CONROY: Absolutely and that’s why we have to be frank and honest with people. But firstly, I always start by saying I welcome the jobs and the income that the coal industry has delivered in our region and will continue for a couple more decades. I do welcome that. I’m not ashamed to come from a coal region. But we need to take a national approach to reducing emissions rather than piecemeal decisions around individual mines and that’s why it is important to take action to reduce emissions properly. That’s why Labor’s got a plan, unlike the current Federal Government that actually has emissions rising under its governance right now. I want to pick up Michael on the projections. Everyone can point to different projections about what’s happening with energy demand globally but according to the official statistics of the Federal Government, no friend of mine, total trade in thermal coal globally peaked five years ago and is falling. It is falling. We’re increasing our exports into the market as people prefer Australian coal over Indonesian or Vietnamese coal that has less calorific value, and that’s a good thing. That means more jobs at the moment. But we have to be honest with people that change is coming, not because of a court decision but because of the market, because renewable energy is cheaper than coal-fired power.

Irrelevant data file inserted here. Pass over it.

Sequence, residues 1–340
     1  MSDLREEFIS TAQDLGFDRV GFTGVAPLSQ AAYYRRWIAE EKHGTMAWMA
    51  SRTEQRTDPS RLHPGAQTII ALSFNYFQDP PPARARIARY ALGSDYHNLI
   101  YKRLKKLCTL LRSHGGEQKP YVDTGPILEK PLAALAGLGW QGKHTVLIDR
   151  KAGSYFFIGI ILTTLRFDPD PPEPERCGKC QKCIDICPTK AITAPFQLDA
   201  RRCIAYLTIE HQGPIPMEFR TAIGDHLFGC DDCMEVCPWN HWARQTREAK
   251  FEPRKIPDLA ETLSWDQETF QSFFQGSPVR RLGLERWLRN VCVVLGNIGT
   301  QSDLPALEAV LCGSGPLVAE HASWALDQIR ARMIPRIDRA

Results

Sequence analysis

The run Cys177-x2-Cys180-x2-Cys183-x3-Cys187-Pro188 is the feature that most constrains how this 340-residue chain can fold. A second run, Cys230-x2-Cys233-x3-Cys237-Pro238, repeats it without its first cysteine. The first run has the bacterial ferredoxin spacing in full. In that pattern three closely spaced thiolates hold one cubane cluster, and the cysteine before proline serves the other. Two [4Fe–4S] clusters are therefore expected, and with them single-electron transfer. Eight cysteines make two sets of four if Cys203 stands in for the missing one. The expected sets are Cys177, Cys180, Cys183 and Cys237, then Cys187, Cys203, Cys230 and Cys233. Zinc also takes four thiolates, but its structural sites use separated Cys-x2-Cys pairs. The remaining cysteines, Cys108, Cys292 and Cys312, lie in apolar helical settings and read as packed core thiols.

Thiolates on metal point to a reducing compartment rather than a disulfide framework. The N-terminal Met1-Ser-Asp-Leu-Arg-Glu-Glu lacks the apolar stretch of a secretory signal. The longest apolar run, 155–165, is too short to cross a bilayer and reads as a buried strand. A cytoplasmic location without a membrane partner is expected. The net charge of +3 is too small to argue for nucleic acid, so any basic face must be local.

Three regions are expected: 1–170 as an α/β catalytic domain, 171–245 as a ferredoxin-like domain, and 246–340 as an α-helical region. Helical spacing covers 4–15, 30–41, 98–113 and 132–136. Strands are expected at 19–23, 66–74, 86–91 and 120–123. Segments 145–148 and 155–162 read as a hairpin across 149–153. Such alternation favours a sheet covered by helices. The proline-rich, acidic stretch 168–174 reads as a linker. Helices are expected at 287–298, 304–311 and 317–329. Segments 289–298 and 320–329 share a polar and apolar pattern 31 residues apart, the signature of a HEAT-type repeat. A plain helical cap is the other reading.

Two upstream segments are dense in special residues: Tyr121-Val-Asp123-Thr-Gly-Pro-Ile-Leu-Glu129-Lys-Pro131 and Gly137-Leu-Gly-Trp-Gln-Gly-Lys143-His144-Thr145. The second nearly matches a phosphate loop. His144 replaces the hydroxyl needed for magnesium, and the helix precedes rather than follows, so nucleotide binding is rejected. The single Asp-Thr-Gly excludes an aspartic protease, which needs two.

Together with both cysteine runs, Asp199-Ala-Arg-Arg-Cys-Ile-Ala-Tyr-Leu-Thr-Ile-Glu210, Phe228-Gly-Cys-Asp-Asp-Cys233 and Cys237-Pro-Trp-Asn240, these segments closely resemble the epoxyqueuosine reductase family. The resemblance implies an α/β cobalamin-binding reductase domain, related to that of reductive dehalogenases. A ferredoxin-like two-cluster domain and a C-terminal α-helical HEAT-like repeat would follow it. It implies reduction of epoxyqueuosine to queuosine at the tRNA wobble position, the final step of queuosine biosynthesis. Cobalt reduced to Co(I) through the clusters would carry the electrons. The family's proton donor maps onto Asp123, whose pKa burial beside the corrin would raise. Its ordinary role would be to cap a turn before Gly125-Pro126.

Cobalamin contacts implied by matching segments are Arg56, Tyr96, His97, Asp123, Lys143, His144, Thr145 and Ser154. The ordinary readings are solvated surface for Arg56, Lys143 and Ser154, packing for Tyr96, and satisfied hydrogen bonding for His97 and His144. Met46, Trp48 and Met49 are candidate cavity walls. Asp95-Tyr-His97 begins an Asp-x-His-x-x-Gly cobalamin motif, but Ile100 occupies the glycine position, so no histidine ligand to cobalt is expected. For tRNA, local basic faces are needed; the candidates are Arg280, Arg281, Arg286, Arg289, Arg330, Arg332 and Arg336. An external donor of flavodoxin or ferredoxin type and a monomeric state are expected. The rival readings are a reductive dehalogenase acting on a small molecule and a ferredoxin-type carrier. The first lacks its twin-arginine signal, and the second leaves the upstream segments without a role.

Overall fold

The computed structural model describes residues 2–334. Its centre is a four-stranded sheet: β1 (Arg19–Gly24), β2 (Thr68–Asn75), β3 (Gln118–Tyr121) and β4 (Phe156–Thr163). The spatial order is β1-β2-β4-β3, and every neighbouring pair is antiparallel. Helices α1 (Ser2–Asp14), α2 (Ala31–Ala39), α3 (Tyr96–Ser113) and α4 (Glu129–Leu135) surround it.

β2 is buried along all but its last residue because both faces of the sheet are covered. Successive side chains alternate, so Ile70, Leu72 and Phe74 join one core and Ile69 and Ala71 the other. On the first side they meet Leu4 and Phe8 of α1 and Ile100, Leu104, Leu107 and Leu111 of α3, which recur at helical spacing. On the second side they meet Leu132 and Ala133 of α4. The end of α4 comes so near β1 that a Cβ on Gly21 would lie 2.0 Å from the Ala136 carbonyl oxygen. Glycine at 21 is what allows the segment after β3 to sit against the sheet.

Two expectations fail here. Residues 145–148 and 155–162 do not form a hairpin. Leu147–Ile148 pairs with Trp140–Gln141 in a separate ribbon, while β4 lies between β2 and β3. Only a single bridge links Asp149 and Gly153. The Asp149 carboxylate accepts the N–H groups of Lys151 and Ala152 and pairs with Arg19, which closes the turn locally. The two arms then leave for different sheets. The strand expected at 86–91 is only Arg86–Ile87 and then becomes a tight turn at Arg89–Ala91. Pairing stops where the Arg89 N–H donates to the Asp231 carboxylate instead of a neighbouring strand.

KEARNEY: So Pat Conroy, if that market reality is mapped over the top of this court decision that Brad Jessup for one asserts could mean that there are no new mines, then this is an action now, this is a local crisis for the Hunter, is it not?
CONROY: Well, certainly if the court decision is replicated in other decisions it will impact on new coal mines; that’s a big ‘if’. But we’ve got lots of existing coal mines. We’ve got 13,000 people directly employed. And they’ll be there for a while longer. It’s really important that everyone stays calm and understands that this is a situation we need to start planning now for a future coming down the track in the next decade. The first transition is in energy, to be quite frank. We’ve got three of our four coal-fired power stations have closure dates set by their companies that own them. They will close in 2022, 2032 and 2035, and we need policies to transition the workforce and the community. We announced our Just Transitions Authority and a policy around pooled redundancies where people can transfer to other power stations. The fact is, absent a massive government subsidy, we won’t built a new coal-fired power station in this country ever again because renewable energy is cheaper than new coal and it’s cheaper than existing coal, according to Origin Energy. So that’s the first stages, around our energy workforce, which is really urgent. And then, having a frank conversation about the actual coal industry over the longer term.